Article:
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Daily Archives: November 7th, 2011

Bette Davis


Discussion/Signing with Dr. Dennis Broe

Monday, Nov 7 @ 7:00 pm
The Harvard Coop
1400 Massachusetts Ave

Selected as a Choice Outstanding Academic Title

“Broe has broken new ground in the interpretation of cinema itself. With this book film noir has found its most astute and informed critic.” – Gerald Horne, author of Class Struggle in Hollywood 1930-50 and The Final Victim of the Blacklist: John Howard Lawson, Dean of the Hollywood Ten

This award-winning book argues for the central importance of class in the creation of film noir and demonstrates how the form itself came to fruition during one of the most active periods of working-class agitation and middle-class antagonism towards corporate power in American history. Broe expands his analysis of how the classical period of film noir is connected to labor history to include an investigation first of the social and cinematic roots of the Cold War and then, in a coda, of the relationship of noir to the ethos and culture of terrorism in post 9/11 America. This study of a time when labor displayed its power and found its cinematic equivalent on the Hollywood screen is more relevant than ever as organized labor joins the Occupy Movement in fighting for the rights of the 99%.

“Broe’s theory forces the reader to review film noir in a new and provocative light” –Book News


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by Gregório Bezerra

Over thirty years after the publication of Memories (Memórias, 1979), by Gregório Bezerra, the legendary icon of the resistance against the Brazilian military dictatorship (that took place between 1964 and 1985) is honored with the release of his autobiography, by Boitempo Editorial, enriched with photos, new texts, and composed on a single volume. The book counts with the unprecedented contribution of Jurandir Bezerra, Gregório’s son, who safeguarded the memory of his father; the historian Anita Prestes, daughter of Olga Benário and Luiz Carlos Prestes, who signs the presentation of the new edition; Ferreira Gullar on the fourth cover; and Roberto Arrais in the book’s jacket. In addition, there is the inclusion of testimonials by Oscar Niemeyer, Ziraldo, the lawyer Mércia Albuquerque, and Pernambuco’s governor (and grandson of Miguel Arraes) Eduardo Campos, among others.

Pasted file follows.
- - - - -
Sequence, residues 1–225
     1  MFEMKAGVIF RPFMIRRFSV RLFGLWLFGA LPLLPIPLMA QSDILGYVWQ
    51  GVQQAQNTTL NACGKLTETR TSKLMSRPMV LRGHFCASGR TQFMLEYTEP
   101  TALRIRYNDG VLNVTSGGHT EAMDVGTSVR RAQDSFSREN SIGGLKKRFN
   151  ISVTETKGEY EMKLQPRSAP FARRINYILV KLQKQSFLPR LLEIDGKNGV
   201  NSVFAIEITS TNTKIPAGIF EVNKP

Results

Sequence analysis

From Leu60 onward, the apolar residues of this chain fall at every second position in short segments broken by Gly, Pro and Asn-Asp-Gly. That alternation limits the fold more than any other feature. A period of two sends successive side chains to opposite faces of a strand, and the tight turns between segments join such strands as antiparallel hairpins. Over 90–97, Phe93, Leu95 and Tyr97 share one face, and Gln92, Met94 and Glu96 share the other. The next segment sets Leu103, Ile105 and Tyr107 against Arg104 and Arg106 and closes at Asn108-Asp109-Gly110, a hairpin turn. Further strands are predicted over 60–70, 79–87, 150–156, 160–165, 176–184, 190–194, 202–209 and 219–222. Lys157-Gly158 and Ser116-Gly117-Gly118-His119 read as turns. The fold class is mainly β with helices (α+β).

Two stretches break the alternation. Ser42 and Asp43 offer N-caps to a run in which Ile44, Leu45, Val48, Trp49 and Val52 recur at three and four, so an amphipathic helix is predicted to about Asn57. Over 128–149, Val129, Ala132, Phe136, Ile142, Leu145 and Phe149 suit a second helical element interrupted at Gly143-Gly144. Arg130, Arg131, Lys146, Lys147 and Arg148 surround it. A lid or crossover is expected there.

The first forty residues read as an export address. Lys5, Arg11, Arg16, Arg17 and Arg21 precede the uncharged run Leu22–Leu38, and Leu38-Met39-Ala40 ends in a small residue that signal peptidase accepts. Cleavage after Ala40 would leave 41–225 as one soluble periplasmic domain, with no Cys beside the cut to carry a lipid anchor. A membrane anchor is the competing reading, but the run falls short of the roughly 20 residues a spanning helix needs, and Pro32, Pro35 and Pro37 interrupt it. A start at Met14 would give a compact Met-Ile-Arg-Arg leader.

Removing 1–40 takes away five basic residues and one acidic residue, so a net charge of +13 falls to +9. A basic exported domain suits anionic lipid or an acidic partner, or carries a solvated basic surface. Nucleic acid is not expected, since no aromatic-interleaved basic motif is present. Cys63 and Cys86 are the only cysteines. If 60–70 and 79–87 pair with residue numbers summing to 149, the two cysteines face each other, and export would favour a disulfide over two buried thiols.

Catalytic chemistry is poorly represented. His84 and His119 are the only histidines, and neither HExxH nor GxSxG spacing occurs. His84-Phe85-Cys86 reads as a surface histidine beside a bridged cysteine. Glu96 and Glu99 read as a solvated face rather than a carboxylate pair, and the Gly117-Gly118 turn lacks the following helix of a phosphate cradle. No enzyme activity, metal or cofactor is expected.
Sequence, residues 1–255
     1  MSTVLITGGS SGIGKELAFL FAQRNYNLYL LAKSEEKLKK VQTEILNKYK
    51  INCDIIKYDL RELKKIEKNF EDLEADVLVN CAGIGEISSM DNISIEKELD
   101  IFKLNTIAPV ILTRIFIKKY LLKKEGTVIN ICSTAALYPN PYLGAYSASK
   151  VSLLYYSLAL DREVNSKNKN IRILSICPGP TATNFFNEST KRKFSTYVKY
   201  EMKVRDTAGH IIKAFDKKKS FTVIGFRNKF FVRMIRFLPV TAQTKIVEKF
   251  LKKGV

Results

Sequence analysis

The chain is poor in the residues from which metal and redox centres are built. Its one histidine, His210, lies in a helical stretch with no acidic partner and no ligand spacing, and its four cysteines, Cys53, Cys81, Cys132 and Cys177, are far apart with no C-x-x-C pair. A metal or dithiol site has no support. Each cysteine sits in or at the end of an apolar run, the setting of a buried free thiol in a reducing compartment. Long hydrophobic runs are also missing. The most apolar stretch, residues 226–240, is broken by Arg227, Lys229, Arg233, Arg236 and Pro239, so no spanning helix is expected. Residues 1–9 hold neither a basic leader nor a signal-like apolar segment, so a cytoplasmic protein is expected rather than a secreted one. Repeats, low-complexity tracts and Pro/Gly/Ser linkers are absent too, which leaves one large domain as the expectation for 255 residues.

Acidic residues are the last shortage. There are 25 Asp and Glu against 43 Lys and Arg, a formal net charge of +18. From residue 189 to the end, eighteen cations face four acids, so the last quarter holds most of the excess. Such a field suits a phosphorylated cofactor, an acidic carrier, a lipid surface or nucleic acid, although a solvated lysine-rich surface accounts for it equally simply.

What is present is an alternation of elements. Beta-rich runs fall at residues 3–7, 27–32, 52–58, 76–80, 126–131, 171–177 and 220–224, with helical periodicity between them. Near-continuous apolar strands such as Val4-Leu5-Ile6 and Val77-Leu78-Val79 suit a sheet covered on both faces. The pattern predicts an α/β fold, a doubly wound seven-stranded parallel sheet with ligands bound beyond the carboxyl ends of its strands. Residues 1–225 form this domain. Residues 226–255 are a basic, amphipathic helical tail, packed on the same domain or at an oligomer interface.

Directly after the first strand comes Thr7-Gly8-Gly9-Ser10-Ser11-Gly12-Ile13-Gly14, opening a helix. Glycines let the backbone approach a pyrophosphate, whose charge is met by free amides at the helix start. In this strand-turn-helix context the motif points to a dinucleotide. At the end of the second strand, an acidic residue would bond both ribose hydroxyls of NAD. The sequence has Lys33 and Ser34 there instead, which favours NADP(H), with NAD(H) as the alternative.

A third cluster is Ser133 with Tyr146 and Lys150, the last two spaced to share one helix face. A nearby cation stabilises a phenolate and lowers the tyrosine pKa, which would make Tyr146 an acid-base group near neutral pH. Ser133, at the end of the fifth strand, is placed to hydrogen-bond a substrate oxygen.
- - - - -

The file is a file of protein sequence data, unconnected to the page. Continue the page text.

In Memories, the communist leader goes over his life trajectory and rescues a rich period of Brazilian’s political history. The story encompasses the period between his birth (1900) to his release from prison in exchange for the kidnapped American ambassador, in 1969, and ends with his arrival in USSR, where he would stay until Amnesty, in 1979. While exiled, he started writing his autobiography.

Born in Panelas, Pernambuco’s agreste, at 180km from Recife, Gregório was the son of a poor country couple, whom he lost when still a child. As a 5 year old he already worked at sugar cane plantations. Illiterate up until 25 years old and militant since the first upraise of workers influenced by the Russian Revolution in 1917, Bezerra had an important role in main political events of the Brazilian left-wing, and, for this reason, he served a total of non-consecutive 23 years in jail in several prisons throughout time. He served as a federal legislator (the most voted one in 1964) affiliated to PCB (Brazilian Communist Party) and was a fierce combatant against the military dictatorship, which led him to be the protagonist of one of the most brutal acts of the newly installed post-coup dictatorship in 1964: he was captured and dragged around Recife’ streets by his captors, while the images were shown on the TV in Repórter Esso. The savagery caused such a commotion that registers of the torture were never found in the military archives.

In spite of his harsh reality, Gregório never spread hate or rancor. He was considered a sweet and kind man by everyone. Although not an intellectual, he was a great observer and a brilliant story teller. And his story is narrated like that, without purple prose or hypocrisy, going through his life in the country and the agreste in times of great drought, his life in Recife, his exile in USSR, the militancy in PCB. He said: “I don’t fight against people, I fight against the system that explores and crushes the majority of the people”. In 1983, Brazil lost this person who was one of its greatest protectors. Luckily, he left behind his memories, filled with truths and hope and that, above all, told the story of many other “Gregório”, who transformed their destinies into the fight to change the reality imposed.

Technical Specifications

Title: Memories (Memórias)
Author: Gregório Bezerra
Presentation: Anita Prestes
Jacket text: Roberto Arrais
Fourth Cover: Ferreira Gullar
Pages: 648
Price: R$74,00 (U$46.00)
ISBN: 978-85-7559-160-4
Publisher: Boitempo


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Socialist History Society
Public Meeting
Radical to Revolutionary Women in the 19th Century
Another look at Harriet Law, Annie Besant and Eleanor Marx
7pm, 9th November 2011

Dr Laura Schwartz on Harriet Law
Deborah Lavin on Eleanor Marx
Marie Terrier on Annie Besant

The seminar consists of three short talks presenting new views of the subjects followed by discussion.

Venue: Bishopsgate Institute, Liverpool Street
Entry free; all welcome; retiring collection


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